Blackwater Opponents Say County Employee Has Conflict of Interest
KPBS Full Focus (2007-07-24) Amita Sharma
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Opponents of a proposal to build a training camp in East County for military and police personnel say a San Diego County employee -- who until recently was working on the review process for the project -- has a conflict of interest. Full Focus reporter Amita Sharma has more.
The opponents have honed in on Lori Spar. According to Raymond Lutz, coordinator for Citizens' Oversight Projects, Spar's work history raises questions about whether the review of the Blackwater project for Potrero by the county's department of planning and land use is truly objective.
Lutz: She worked at the department of planning and land use as a planner and then went out and got her law degree and passed the bar exam and so forth, and was working at the law firm that was representing Blackwater -- and you can see the file at the department of planning use that she was the person at the meetings representing their point of view. And then just a month later she had gotten a job back at the department of planning and land use, was working on the Blackwater case, and was now representing the county.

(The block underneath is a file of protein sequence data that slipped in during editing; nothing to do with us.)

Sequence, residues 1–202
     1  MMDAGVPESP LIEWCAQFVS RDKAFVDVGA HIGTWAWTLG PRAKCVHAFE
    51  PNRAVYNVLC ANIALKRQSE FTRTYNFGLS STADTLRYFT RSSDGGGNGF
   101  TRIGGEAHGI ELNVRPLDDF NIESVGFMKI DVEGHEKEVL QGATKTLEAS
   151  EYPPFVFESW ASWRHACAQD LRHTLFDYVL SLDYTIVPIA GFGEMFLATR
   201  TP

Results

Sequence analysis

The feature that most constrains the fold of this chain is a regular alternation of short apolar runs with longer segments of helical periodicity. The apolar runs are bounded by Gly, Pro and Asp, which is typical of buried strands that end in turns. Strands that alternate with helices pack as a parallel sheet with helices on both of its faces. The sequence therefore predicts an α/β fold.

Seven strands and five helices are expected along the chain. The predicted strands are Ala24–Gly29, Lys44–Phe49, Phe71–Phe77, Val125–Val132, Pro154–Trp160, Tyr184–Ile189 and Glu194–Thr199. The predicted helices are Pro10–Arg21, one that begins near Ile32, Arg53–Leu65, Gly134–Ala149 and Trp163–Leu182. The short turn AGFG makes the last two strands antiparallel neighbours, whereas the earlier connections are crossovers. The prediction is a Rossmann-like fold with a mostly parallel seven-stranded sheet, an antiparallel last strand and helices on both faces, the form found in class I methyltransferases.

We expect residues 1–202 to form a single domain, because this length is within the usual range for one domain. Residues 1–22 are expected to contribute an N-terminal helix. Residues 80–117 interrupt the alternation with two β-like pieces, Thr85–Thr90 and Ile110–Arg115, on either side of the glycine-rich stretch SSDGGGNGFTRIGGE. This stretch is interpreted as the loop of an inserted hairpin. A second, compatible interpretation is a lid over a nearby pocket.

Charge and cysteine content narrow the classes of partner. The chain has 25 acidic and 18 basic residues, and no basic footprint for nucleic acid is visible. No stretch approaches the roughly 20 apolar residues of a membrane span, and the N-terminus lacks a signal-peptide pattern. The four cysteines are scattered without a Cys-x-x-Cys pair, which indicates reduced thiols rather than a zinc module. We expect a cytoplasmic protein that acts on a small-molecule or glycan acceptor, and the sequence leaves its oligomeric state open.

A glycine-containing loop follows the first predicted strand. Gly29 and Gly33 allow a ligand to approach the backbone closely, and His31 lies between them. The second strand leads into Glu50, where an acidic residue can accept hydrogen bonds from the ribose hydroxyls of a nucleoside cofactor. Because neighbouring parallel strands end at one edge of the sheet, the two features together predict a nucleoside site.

County officials, including Lori Spar, did not return phone calls to Full Focus.
But earlier this year Glenn Russell, chief of the regulatory section of the department of planning and land use, confirmed at a meeting on the Blackwater Project that Spar used to work for the county as a planner. He said:
Russell: Then she decided she didn't like being a lawyer and wanted to be a land-use planner and then she came back to us. She actually was working on the project team. As soon as it was brought to our attention that her firm was actually the firm representing the applicant, we took her off the project. We are very concerned that there might be an appearance of a conflict of interest.
Lutz says county officials need to rethink whether Spar should be on the payroll at all while the department of planning and land-use assesses the Blackwater project.
Lutz: We should take a look at these hiring practices because to hire someone and then to just assign them to a project that they're on, this doesn't make any sense to anyone I can talk to -- except for the people at DPLU, they think it's fine.
Legal observers are split on the appropriateness of Spar's employment at the county. Some say it's legal but ethically questionable. Others say Spar has a conflict because working for the county requires her to disclose all she knows about Blackwater.
But her prior role as that company's attorney precludes her from such disclosure because of attorney-client privilege rules.